Creating Biomedical Technologies to Improve Health

Search form

NEWS & EVENTS

Newsroom

Science Highlights • July 23, 2014

When a muscles contracts it generates electricity. This electrical activity remains in the muscles of an amputated limb. It has long been a goal to use these natural muscle signals to enhance the control of hand and arm prosthetics. Previously, researchers did this by attaching two external sensors to the surface of the skin of the residual limb. The sensors were connected to a prosthesis controller by wires.

Grantee News • July 22, 2014

NIBIB-funded researcher, Robert Langer, a biomedical engineer at the Massachusetts Institute of Technology, has won the $500,000 Kyoto Prize for Advanced Technology. Read more at the Boston Globe

Grantee News • July 14, 2014

Mesenchymal stem cells can differentiate into bone, fat and muscle, making them potentially useful for stem-cell based therapies to repair diseased or damaged tissue. NIBIB-supported researchers at Harvard Medical School found that the ability of these cells to repair tissue is greatly enhanced when they are transplanted along with blood vessel-forming cells in experiments in mice. Read more at Genetic Engineering and Biotechnology News...

Grantee News • July 14, 2014

Scientists at the University of Kentucky, led by nano-biotechnologist Peixuan Guo, have made some critical discoveries over the past year into the operation of biomotors, the molecular machines used by viruses and bacteria in the packaging of DNA. Read more at University of Kentucky

NIBIB in the News • July 2, 2014

Four doctoral students at Washington University in St. Louis will have the opportunity to take a closer look at the intersection of biology and mechanics under a five-year grant from NIBIB. Mechanobiology is a developing field that focuses on how forces and changes in cell or tissue mechanical properties contribute to growth, structure and health. Read the full press release at engineering.wustl.edu.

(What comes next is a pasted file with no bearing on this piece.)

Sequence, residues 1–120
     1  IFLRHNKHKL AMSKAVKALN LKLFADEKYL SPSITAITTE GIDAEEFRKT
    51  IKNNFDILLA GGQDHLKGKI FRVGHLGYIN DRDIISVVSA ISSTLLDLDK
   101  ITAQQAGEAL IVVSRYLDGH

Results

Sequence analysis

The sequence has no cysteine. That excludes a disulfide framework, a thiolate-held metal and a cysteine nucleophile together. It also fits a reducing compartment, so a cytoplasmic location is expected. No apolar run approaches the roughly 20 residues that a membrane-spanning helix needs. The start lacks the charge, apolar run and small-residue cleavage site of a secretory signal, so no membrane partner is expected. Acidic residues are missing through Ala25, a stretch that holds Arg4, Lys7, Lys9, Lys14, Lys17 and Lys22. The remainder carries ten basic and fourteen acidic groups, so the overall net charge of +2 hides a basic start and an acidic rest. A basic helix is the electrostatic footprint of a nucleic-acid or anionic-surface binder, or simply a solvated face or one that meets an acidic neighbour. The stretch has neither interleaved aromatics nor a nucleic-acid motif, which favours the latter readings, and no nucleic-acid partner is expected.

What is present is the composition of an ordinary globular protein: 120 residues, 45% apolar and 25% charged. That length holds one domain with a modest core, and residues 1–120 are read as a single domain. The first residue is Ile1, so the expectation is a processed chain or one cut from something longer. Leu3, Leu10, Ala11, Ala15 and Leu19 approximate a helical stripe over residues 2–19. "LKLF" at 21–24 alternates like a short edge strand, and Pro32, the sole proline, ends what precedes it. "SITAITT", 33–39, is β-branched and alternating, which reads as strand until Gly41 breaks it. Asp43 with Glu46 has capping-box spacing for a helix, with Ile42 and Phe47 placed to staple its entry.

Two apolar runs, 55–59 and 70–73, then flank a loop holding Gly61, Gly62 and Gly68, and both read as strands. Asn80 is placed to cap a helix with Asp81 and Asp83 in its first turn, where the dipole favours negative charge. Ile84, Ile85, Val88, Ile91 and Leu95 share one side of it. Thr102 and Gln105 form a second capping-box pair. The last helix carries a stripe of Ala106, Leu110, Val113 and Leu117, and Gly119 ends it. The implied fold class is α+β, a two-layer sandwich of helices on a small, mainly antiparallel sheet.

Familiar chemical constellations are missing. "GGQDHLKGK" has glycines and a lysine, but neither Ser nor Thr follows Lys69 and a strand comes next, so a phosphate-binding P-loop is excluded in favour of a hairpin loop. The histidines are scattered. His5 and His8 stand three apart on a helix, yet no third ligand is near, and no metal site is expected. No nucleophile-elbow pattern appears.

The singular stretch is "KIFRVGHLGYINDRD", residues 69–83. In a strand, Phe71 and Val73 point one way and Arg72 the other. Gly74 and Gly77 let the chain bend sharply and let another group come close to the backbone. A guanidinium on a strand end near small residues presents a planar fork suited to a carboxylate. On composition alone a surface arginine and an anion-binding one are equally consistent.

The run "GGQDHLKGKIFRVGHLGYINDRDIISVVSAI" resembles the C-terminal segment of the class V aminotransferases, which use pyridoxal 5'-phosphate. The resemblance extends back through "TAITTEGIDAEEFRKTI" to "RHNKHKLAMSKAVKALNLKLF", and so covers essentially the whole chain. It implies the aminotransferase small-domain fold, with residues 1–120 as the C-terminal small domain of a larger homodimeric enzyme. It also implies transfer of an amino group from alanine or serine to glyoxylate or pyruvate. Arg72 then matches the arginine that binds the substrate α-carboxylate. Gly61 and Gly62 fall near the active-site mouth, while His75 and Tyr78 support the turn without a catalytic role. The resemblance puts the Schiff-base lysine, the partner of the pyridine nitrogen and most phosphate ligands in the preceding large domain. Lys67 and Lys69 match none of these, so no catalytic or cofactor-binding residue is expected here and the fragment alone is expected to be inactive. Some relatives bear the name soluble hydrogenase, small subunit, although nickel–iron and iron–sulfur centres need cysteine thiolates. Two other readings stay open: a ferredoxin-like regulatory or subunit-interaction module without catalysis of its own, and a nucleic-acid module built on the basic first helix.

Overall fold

Grantee News • July 2, 2014

Researchers have developed a new supercooling technique to increase the amount of time human organs could remain viable outside the body. This study was conducted in rats, and if it succeeds in humans, it would enable a world-wide allocation of donor organs, saving more lives. Read more at BBC

Press Releases • June 29, 2014
Researchers have developed a new supercooling technique to increase the amount of time human organs could remain viable outside the body. This study was conducted in rats, and if it succeeds in humans, it would enable a world-wide allocation of donor organs, saving more lives.
NIBIB in the News • June 25, 2014

NIBIB Director Roderic Pettigrew discussed NIH-supported research advances in assistive robotics and treatment of spinal cord injury during a Capitol Hill briefing on "Rethinking Spinal Cord Injury". The meeting was the latest in a series of neuroscience briefings hosted by AAAS in conjunction with Rep. Chaka Fattah (D-Pa.), and through the support of the Dana Foundation. Read the full story at AAAS.org/news.

Grantee News • June 23, 2014

NIBIB grantee Mark Chance of Case Western University and colleagues have discovered how a family of proteins regulates an important cellular cycle where a cell's generated energy is converted to necessary functions, a finding with potential to lead to significant breakthroughs in treatment of Parkinson's, chronic liver and heart diseases. Read more at www.buisiness-standard.com.

Grantee News • June 16, 2014

NIBIB grantee David Mooney of Harvard University and his colleagues have identified a possible mechanism by which normal cells turn malignant in mammary epithelial tissues, the tissues frequently involved in breast cancer. Read the full press release at www.harvard.edu

Pages